Medical Gas Green Design

Posted on April 8, 2011

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I asked one of our healthcare plumbing engineers about some design ideas he encountered at the American Society of Plumbing Engineers (ASPE) Convention and Plumbing Expo last November.

He said sustainability in medical gas design is something that has been getting a lot of attention and offered some considerations for healthcare owners, facilities, maintenance and plant operators on their next renovation, addition or new construction project.

Here are ten sustainability ideas for medical gases from the ASPE Beacon Medaes’ presentation by Mark Allen:

  1. Reduce Usage.  Seems intuitive enough, but this can create serious savings for healthcare owners.  Liquified gases are very energy intensive to produce.  For example, 100 cf of oxygen or nitrogen requires 2kW to produce, while 100 cf of medical air requires about 0.5 kW.  In addition, transporting liquified gases is very expensive.  The less used, the greener.
  2. Consider Instrument Air in lieu of Nitrogen.  Instrument air is compressed air equivalent in pressure, dryness and cleanliness to nitrogen. Instrument Air (IAir) saves money on cylinder management (inventory, compressor system maintenance, cylinder rental costs, etc.) and the cost of the air itself is zero.  IAir is approved by NFPA and the Instrument Society of America as a sanctioned alternative as of 2002; it can be used anywhere nitrogen would and other applications where nitrogen would be too expensive (surgical tools, and pneumatic brakes / tables, inflating cuffs, lab air, etc.).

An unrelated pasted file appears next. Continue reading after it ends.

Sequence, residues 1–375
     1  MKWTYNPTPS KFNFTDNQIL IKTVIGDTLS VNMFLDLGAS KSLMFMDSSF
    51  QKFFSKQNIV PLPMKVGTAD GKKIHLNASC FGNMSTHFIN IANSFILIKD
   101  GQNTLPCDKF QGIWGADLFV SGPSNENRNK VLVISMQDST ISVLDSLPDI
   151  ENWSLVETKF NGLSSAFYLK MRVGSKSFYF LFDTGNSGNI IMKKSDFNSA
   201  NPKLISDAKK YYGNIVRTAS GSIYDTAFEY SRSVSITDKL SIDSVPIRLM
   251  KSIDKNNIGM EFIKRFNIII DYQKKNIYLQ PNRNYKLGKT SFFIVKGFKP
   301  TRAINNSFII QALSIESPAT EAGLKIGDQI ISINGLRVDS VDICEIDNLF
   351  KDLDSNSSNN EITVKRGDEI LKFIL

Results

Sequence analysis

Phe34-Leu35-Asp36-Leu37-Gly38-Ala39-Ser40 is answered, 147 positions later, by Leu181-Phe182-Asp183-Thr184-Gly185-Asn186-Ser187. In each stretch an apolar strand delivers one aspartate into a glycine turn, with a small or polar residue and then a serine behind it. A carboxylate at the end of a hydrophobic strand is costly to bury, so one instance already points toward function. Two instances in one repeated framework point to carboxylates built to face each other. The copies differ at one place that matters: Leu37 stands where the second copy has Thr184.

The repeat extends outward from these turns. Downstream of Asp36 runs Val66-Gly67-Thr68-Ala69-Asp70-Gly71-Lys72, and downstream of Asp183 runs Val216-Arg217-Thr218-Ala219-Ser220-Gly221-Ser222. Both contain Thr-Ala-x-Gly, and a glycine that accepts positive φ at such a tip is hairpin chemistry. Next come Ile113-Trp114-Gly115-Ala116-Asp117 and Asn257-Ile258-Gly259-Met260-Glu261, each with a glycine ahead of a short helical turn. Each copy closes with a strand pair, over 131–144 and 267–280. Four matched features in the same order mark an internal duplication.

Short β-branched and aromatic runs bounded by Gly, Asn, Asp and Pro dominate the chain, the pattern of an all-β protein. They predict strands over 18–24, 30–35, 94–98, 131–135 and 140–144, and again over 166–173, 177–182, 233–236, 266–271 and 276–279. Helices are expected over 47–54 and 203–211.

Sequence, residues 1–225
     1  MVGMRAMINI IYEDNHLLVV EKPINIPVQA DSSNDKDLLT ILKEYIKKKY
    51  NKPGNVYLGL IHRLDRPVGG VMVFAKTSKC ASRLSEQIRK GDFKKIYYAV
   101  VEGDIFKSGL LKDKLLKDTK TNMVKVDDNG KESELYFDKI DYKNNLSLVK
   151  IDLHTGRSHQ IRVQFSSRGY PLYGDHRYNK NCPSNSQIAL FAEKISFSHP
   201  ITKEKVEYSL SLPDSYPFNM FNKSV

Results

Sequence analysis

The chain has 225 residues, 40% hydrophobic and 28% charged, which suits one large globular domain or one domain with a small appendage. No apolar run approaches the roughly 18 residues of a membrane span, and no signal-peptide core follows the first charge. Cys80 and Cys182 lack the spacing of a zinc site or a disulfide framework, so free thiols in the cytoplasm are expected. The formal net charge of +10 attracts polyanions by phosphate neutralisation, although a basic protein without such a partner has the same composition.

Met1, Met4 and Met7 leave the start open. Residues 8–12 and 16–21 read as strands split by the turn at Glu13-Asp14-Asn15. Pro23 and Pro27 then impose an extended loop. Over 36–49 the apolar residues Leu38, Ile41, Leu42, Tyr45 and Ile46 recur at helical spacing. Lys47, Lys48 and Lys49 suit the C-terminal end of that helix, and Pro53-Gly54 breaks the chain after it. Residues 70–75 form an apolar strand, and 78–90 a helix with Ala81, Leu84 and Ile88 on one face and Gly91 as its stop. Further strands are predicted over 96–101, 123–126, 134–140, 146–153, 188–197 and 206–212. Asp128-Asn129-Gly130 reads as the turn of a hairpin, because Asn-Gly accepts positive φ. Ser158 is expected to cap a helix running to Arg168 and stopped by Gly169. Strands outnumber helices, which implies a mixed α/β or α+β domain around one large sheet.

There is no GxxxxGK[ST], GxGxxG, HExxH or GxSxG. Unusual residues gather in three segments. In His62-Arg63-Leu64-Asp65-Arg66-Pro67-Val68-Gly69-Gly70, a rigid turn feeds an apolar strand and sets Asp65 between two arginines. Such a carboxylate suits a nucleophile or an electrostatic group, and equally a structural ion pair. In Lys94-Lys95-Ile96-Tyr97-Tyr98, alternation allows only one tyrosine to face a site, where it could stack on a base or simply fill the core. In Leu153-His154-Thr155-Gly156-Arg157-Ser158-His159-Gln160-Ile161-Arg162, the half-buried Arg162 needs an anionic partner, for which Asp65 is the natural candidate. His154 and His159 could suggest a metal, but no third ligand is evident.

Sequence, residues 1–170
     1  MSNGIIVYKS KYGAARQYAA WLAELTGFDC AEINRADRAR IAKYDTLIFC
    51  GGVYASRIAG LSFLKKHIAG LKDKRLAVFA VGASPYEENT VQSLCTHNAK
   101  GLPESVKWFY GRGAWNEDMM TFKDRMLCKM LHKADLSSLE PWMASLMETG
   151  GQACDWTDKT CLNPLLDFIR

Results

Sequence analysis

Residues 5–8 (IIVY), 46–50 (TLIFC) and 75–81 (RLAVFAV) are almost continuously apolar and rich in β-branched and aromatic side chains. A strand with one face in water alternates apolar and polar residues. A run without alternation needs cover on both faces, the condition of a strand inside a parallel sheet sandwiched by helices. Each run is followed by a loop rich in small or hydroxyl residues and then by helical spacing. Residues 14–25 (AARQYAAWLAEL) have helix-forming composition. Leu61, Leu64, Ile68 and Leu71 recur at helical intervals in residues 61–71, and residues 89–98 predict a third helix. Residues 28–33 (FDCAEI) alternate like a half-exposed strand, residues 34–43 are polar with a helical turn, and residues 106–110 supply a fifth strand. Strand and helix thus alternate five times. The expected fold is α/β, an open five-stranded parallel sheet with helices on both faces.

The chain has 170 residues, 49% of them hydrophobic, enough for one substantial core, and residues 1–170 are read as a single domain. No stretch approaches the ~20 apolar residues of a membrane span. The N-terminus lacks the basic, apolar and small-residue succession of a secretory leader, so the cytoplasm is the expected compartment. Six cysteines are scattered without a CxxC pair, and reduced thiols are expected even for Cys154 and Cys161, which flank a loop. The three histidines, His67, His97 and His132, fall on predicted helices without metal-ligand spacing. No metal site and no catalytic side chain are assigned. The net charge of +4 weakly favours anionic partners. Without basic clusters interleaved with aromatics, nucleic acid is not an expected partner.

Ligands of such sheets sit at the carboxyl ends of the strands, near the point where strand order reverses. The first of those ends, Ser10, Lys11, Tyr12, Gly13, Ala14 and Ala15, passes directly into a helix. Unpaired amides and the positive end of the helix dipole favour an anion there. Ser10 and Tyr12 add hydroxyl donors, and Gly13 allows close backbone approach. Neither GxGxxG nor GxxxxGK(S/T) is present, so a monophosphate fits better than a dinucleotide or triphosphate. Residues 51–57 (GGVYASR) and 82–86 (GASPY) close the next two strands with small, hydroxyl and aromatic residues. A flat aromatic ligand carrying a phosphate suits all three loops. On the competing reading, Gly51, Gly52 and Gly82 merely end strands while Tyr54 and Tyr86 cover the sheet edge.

3. Waste Anesthesia Gas Disposal (WAGD).  Five permitted methods exist via NFPA:  into medical system, into dedicated pump, into dedicated blower, Venturi or passive disposal. WAGD is about moving the gas, not producing a deep vacuum. For small volumes at high vacuums, use a pump; for large volumes at low vacuum, use a fan or blower.
  4. Air Dryers.  Consider the choice of refrigerated dryers versus dessicant dryers. A dessicant dryer uses purge air (~15% of inlet / 15% of 10Hp) and averages 9,723 kW / year, while a refrigerated dryer uses about .58kW compressor, or 5,080 kW / year—or nearly half as much energy per year.  Suggestion:  make purge proportional to usage.
  5. Oil-less Compressors / Pumps. Avoid need for oil-water separators, disposal and potential biohazard by using oil free or oil less compressors and vacuum pumps.
  6. Variable Speed (VSD) Vacuum Pumps. In the past VSD were too expensive for small horsepower; energy savings were not enough to justify cost; and most vacuum technologies do not benefit or accept VSD.  Some advantages:  consistency of vacuum, motor soft start, energy savings, lower exhaust temp’s and noise level, nigher altitude limitation. In addition, more air is moved at lower vacuums (greater efficiency) and most pumps / motors prefer to run continuously than start / stop (better reliability and reduced maintenance).  VSD choice has gray areas:  not adaptable to all pumps; some pumps most efficient at one particular speed; and VSD adds cost.
  7. Fix Outlet Waste. Gas lost from leaky outlets adds up to big money. For example, 2% leakage on 300 medical air outlets @ a .5 lpm leakage rate and prevailing prices is $17.89 / year.  3% leakage on 500 medical vacuum outlets @ 1 lpm leakage rate and prevailing prices is $38.89 / year. 2% leakage on 300 medical oxygen outlets @ .5 lpm leakage rate and prevailing prices is $378.88 / year. These expenses add up.
  8. Equipment Selection.  Poor quality makes problems worse; not all equipment is created equally.  Match equipment to your need, and purchase wisely—then maintain it.
  9. Test and Adjust.  Test for problems, then fix.  If no problem exists, save money and resources for real problems.
  10. Consider Xenon instead of Nitrous Oxide.  Nitrous oxide has 296x more environmental impact than an equivalent volume of carbon dioxide; yet medical use is less than 1% of all nitrous oxide emissions. Nitrous oxide use has been questioned for negative impact on patient outcomes. Xenon is a better anethetic gas:  has almost identical anethetic effects with no known side effects or negative environmental impact; however, it is 2,000x the price of Nitrous oxide.

I hope this helps for the facilities, procurement and clinical directors out there, as well as healthcare mechanical engineering designers.

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